Samuel Langhorne Clemens better known by his pen name Mark Twain, was an American author and humorist. He wrote The Adventures of Tom Sawyer (1876) and its sequel, Adventures of Huckleberry Finn (1885), the latter often called "the Great American Novel."
Twain grew up in Hannibal, Missouri, which provided the setting for Huckleberry Finn and Tom Sawyer. After an apprenticeship with a printer, he worked as a typesetter and contributed articles to his older brother Orion's newspaper. He later became a riverboat pilot on the Mississippi River before heading west to join Orion in Nevada. He referred humorously to his singular lack of success at mining, turning to journalism for the Virginia City Territorial Enterprise. In 1865, his humorous story, "The Celebrated Jumping Frog of Calaveras County" was published, based on a story he heard at Angels Hotel in Angels Camp California where he had spent some time as a miner. The short story brought international attention, even being translated to classic Greek.
His wit and satire, in prose and in speech, earned praise from critics and peers, and he was a friend to presidents, artists, industrialists, and European royalty.
Category: Fiction - Young Adult, Fiction
Tom Sawyer lives with his Aunt Polly and his half-brother, Sid,. After playing hooky from school on Friday and dirtying his clothes in a fight, Tom is made to whitewash the fence as punishment all of the next day. He soon cleverly persuades his friends to trade him small treasures for the privilege of doing his work. He trades the treasures he got by tricking his friends into whitewashing the fence for tickets given out in Sunday school for memorizing Bible verses, which can be used to claim a Bible as a prize. He received enough tickets to be given the Bible. However, in response to a question to show off his knowledge, he incorrectly answers that the first disciples were David and Goliath.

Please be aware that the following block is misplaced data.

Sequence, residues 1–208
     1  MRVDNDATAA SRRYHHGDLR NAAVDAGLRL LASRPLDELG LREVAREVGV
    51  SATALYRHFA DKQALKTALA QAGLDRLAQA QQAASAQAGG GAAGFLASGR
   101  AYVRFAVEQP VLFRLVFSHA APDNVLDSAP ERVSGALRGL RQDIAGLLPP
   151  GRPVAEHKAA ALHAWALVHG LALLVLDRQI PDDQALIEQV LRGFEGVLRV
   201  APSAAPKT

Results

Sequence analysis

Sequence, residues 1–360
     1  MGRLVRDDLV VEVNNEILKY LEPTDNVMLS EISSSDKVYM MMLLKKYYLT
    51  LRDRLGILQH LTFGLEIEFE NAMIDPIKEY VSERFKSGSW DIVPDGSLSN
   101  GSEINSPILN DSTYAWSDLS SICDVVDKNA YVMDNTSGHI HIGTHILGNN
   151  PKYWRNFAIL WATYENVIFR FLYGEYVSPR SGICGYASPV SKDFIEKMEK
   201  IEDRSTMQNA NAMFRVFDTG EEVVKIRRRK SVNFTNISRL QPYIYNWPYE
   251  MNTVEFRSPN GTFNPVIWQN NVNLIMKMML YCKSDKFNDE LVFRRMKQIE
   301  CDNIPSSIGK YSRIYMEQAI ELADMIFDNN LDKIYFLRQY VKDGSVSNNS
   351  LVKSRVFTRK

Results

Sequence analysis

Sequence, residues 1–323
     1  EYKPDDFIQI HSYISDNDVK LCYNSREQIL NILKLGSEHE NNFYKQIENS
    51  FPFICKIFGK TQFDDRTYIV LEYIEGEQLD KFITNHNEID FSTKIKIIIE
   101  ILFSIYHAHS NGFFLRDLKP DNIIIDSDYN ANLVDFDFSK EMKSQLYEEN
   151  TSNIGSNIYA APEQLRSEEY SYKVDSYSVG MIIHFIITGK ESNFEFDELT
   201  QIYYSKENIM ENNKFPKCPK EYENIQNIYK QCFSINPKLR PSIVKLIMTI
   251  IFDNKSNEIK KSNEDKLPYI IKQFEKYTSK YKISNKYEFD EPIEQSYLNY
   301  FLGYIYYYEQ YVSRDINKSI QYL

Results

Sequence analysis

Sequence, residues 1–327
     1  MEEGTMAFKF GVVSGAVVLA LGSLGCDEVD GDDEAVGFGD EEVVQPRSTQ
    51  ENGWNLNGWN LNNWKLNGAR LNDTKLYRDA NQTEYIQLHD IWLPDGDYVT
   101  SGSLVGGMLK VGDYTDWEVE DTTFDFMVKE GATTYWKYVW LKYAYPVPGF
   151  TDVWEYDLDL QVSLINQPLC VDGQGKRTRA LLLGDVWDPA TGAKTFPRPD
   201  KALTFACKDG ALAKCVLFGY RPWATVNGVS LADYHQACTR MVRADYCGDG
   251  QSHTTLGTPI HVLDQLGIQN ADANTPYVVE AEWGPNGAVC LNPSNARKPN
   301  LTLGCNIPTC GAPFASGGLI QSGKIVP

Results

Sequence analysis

Tom falls in love with Becky Thatcher, a new girl in town, and persuades her to get "engaged" by kissing him. But their romance collapses when she learns that Tom has been "engaged" previously, to a girl named Amy Lawrence. Shortly after being shunned by Becky, Tom accompanies Huckleberry Finn, to the graveyard at night to try out a "cure" for warts with a dead cat. At the graveyard, they witness the murder of Dr. Robinson by Injun Joe. Scared, Tom and Huck run away and swear not to tell anyone what they have seen. Injun Joe frames his companion, Muff Potter, a hapless drunk, for the crime. Potter is wrongfully arrested, whereby Tom's anxiety and guilt begin to grow.
Tom, Huck, and Tom's friend run away to an island . While enjoying their newfound freedom, the boys become aware that the community is sounding the river for their bodies. Tom sneaks back home one night to observe the commotion. After a brief moment of remorse at the suffering of his loved ones, Tom is struck by the idea of appearing at his funeral and
The book is noted for its colorful description of people and places along the Mississippi River. Satirizing a Southern antebellum society that had ceased to exist about twenty years before the work was published, Adventures of Huckleberry Finn is an often scathing look at entrenched attitudes, particularly racism.
Perennially popular with readers, Adventures of Huckleberry Finn has also been the continued object of study by literary critics since its publication.